As my time in Hong Kong begins to wrap up, I’m trying to fit in as many last minute activities as possible.
I’m not sure when I’ll be back in Asia, so I’m trying to cram in as many places/experiences as I possibly can.
With this in mind, I was fortunate enough to be able to take a long weekend trip over Christmas with my friend Ewoud to visit Kota Kinabalu in Sabah, Malaysia on the island of Borneo.
I’m going to apologize in advance for the length of this post.
If you just want to see the pictures and not get all the juicy details, just skip to the bottom.
But I promise there might be one or two interesting facts if you bother to read the long version.
Sabah is one of two Malaysian states on the island (which is also shared with Brunei and Indonesia), occupying the northern portion of the island while Sarawak makes up the western part.
It’s interesting to note that these two states have autonomous laws from the other states of Malaysia, and it is definitely noticeable after having previously visited the peninsular portion of the country.
For instance, Christianity is much more noticeable here, with Christmas billboards scattered all around.
Malaysia as a whole is a Muslim country (see the flag), so I found this very interesting.
This differs from some stories I heard from Nicole where she wasn’t allowed to wear anything with a cross on it because that was seen as an attempt to convert people.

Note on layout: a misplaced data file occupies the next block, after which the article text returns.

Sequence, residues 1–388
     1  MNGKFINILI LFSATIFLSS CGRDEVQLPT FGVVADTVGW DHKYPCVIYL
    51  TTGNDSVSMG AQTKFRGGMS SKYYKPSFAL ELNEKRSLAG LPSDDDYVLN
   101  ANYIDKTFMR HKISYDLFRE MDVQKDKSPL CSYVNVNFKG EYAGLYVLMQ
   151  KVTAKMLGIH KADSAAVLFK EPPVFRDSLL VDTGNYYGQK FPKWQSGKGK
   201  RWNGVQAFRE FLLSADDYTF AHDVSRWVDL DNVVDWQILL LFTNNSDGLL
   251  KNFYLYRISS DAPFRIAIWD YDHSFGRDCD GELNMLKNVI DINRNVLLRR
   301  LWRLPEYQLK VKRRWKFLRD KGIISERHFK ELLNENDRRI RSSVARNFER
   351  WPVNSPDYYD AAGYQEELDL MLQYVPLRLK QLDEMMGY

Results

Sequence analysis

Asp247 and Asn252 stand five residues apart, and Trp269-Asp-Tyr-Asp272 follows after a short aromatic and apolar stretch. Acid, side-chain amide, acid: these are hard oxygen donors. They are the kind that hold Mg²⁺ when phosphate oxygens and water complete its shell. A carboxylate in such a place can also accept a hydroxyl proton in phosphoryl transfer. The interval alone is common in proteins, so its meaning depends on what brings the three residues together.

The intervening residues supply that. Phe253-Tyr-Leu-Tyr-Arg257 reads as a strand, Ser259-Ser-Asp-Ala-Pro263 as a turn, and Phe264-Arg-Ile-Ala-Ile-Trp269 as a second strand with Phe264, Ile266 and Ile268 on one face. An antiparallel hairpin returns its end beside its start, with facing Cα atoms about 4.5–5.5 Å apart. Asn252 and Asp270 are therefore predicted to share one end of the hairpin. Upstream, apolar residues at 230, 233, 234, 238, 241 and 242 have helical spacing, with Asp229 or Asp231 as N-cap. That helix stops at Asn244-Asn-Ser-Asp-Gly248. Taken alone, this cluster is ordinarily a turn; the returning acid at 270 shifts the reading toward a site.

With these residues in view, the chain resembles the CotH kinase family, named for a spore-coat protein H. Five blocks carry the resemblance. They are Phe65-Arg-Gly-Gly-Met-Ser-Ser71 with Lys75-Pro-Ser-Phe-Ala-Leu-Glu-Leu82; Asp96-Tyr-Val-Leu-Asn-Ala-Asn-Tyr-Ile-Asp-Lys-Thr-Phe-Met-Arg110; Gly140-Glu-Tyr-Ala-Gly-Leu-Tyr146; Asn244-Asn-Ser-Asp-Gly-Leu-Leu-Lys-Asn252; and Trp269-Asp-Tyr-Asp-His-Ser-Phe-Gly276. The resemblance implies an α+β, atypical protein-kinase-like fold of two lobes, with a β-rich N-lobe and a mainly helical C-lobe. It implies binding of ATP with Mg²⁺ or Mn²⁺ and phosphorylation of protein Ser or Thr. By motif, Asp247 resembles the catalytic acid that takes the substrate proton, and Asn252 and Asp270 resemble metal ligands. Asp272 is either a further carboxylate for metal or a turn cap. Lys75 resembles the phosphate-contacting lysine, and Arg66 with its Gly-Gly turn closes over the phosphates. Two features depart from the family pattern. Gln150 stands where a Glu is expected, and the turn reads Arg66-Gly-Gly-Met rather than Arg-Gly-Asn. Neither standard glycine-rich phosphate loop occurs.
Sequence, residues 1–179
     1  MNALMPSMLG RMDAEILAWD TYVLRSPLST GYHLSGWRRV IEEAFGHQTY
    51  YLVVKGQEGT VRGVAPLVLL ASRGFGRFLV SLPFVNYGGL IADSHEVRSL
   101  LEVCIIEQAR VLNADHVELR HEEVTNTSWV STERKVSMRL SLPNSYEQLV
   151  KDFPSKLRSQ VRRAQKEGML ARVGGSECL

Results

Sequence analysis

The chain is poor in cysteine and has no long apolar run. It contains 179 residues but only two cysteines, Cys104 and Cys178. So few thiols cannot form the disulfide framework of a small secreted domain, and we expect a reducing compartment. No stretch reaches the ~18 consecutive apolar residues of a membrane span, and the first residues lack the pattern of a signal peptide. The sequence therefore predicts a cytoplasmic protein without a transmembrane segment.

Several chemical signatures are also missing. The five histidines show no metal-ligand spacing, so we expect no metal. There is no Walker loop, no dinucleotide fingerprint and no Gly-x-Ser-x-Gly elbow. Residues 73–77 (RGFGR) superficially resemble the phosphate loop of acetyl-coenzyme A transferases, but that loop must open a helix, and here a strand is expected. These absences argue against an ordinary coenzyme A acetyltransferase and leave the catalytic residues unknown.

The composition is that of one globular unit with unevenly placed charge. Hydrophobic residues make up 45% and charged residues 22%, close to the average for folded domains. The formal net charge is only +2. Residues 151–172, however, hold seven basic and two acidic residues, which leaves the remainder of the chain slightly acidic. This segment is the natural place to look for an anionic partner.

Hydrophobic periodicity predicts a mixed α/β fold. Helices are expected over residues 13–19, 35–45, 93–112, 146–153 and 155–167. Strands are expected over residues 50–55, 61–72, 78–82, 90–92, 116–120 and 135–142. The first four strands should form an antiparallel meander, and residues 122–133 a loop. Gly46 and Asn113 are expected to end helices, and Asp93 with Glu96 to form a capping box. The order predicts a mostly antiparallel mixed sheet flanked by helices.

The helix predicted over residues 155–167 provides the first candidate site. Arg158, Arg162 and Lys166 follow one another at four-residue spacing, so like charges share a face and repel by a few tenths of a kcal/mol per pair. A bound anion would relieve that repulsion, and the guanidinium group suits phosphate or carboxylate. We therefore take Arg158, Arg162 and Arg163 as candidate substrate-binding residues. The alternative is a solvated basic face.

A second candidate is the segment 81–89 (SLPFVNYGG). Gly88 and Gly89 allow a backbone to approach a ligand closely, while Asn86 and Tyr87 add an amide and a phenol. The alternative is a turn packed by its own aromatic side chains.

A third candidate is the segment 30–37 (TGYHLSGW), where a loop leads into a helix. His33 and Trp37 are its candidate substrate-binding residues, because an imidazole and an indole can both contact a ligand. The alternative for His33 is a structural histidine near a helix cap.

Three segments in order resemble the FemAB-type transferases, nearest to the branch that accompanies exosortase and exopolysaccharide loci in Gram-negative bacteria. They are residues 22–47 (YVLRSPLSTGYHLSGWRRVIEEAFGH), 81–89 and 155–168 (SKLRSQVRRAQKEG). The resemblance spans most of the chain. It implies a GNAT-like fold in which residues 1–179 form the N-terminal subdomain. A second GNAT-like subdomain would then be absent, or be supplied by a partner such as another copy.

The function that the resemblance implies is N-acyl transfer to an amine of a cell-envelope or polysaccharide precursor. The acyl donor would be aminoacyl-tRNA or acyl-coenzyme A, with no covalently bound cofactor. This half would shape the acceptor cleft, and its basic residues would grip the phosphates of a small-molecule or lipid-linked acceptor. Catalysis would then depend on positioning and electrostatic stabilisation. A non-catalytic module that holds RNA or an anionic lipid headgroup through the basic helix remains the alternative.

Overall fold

In contrast, I talked with one shopkeeper who told me that Christians make up a large portion (nearly half) of the population.
Borneo itself is a fascinating place that’s full of interesting history with British background, ties to the neighboring Philippines (currently not for good reasons), and some of the greatest wildlife and nature to be found in the world.
Many people come here for the great diving, but unfortunately I don’t have my PADI license so I can only snorkel for now (more on that later).
However, if sea life isn’t your thing, there is a great collection of land dwelling plants and animals such as orangutans, proboscis monkeys (big nosed, also known as Dutch monkeys, and are possibly the ugliest in the world), and pitcher plants.
Many of the plants and animals that live on Borneo can’t be found anywhere else in the world, and the island’s rainforest includes many world heritage sites and national parks.
One of these world heritage sites is the famous Mount (Gunung) Kinabalu, the tallest mountain in SE Asia at nearly 14,000 feet (4,096 km), and the 20th tallest mountain in the world in terms of topographic prominence.
This mountain towers over the nearby peaks and is a sacred place for the indigenous people.
Continue reading (Incl. Pics) at: Traveling Actuary: Mount Kinabalu.